I feel that this can be solved by better editing, easily. Rough approximations:
Why wasn't capturing Superman sufficient for Zod's goal?
What were the necessary requirements (ingredients?) for McCoy to make his serum?
This doesn't make the title sound like a Jeopardy wannabe, while maintaining lack of spoilers.
Yes you should indicate that you're trying to identify a story, but there's no need to repeat the tag wholesale.
Good: Trying to find 70s space opera with knights with magical powers and glowing swords.
Bad: Story identification: 70s space opera with knights with magical powers and glowing swords.
The original spoiler guidelines established on meta stated
Avoid spoilers completely in the title. This doesn't mean using [REDACTED] or silly things like that, it means coming up with another way to summarise the question.
Avoid spoilers in the first chunk of the question, because this text is often included (even if it is in spoiler tags) in links ...
There are five tabs underneath /questions, specified with an optional argument appended to the URL:
If you have /questions bookmarked (without the argument), the next time you visit the site you'll re-open the tab that you visited most recently (I imagine SE sets a cookie to store this information).
I see absolutely no implicit problem with having one or more tags in the title, if it helps the title make sense, or makes it easier to search on. In fact, it happens quite frequently (particularly in Story ID questions, since the title will often be something like "Help me identify this TV show or movie", and will also likely be tagged tv and/or movies).
This presents a great number of issues.
First and foremost, it’s not really so helpful. As you say, its usefulness is primarily limited to the case of TV shows that are released in one big bundle on Netflix, not the majority of TV shows. But we’d need to have a consistent policy, so this would affect all TV shows.
Nearly as important, which episode title?...
I was the one who reverted the title, not the OP. The original title was "Why didn't Bruce Banner simply tell Natasha that “I am NOT single”?", which Nerrolken changed to "Why didn't Bruce Banner try this?". I believe this was a well-intentioned edit, presumably caused by the OP's profile, which claims he/she intends to spoil the movie Avengers: Age of ...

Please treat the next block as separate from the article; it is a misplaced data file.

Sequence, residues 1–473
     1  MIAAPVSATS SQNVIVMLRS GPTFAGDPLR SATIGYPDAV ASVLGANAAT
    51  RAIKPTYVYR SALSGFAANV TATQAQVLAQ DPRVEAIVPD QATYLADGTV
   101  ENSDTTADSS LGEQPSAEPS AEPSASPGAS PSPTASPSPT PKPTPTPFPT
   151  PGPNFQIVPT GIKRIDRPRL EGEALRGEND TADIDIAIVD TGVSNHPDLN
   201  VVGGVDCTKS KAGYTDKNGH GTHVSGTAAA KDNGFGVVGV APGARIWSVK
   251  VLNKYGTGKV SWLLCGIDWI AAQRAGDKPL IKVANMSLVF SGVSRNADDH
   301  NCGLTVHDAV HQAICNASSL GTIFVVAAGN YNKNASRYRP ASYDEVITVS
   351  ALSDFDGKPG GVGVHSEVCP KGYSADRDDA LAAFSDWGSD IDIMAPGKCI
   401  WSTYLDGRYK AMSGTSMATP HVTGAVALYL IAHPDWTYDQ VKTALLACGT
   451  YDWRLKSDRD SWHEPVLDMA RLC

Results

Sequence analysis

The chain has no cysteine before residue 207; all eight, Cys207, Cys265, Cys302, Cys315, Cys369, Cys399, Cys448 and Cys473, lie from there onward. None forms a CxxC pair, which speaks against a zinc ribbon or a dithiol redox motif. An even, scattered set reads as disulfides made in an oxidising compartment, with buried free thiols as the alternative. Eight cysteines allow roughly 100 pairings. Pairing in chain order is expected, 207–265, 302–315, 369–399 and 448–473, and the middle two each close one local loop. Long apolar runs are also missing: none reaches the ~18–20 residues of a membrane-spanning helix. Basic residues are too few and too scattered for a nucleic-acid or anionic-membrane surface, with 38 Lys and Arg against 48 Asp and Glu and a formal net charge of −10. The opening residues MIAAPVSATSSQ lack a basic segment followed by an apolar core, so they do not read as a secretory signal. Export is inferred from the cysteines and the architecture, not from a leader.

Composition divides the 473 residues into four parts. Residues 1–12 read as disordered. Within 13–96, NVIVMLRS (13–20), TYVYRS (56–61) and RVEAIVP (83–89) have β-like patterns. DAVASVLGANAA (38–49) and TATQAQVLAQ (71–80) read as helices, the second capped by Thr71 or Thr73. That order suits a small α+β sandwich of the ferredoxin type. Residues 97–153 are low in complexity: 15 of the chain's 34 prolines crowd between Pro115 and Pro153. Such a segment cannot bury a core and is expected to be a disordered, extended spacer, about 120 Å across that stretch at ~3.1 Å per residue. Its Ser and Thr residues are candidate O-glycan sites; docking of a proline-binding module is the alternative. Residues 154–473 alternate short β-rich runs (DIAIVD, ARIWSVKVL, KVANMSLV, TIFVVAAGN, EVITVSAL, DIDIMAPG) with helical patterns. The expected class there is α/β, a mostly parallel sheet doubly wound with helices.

No, it's not mandatory
Ideally, question titles should describe the thing that's being asked. Usually that takes the form of a question, but it needn't always.
A good, top-of-mind example is Help me find this robot cartoon character. Yes, that title could be re-written as "Who is this robot cartoon character?", but the benefit is marginal at best.
In general, I agree with everyone else. However, since NominSim brought up this edit history, I'm going to disagree and use it as an example. Here's several possibilities for capitalization:
Do Wizarding Photographs Kept in Muggle Homes Violate the International Statute of Wizarding Secrecy?
Do Wizarding photographs kept in Muggle homes violate the ...
In my opinion, the edited question titles you mention are harmful and should be reverted to their more descriptive titles (or better titles should be written for them). Using common sense, of course: actively trying to spoil plot points in a title is bad. The goal should be to write descriptive, non-generic question titles.
The purpose of a question title ...
For me, it depends on what question I'm answering, and where the media originates. Since we are a site based on English, I always try to provide the English title, whether or not that was the original language. If a work originated in a non-English title, unless it's become more known under that title, I give the original title, followed by the English one, ...
Avoiding spoiler is just a question of politeness. It's not everybody that is annoyed by spoiler, but we must respect those who do. The thing we should ask is how much damage a title containing a spoiler could do VS how much damage a more vague, but spoiler-free title could do.
I think a spoiler in the title of a question is insidious. You could get hit by ...
The caption next to the box says Title, so I am personally fine with either the title version (with capitalized major words) or the sentence version which reads like a regular question. Here is what Jeff Atwood said about editting (and edit wars) http://blog.stackoverflow.com/2009/03/the-great-edit-wars/
As it says on the sidebar of every edit page, here’...
Clickbait is a lot like jalapeños. It's good in controlled amounts.
Downvote me all you like - serial downvotes will be reversed. I like a healthy amount of clickbait in my *.SE diet. I love a good laugh. If a title writer is clever enough to come up with a good clickbait title, he deseves my upvote. It just shouldn't become everything.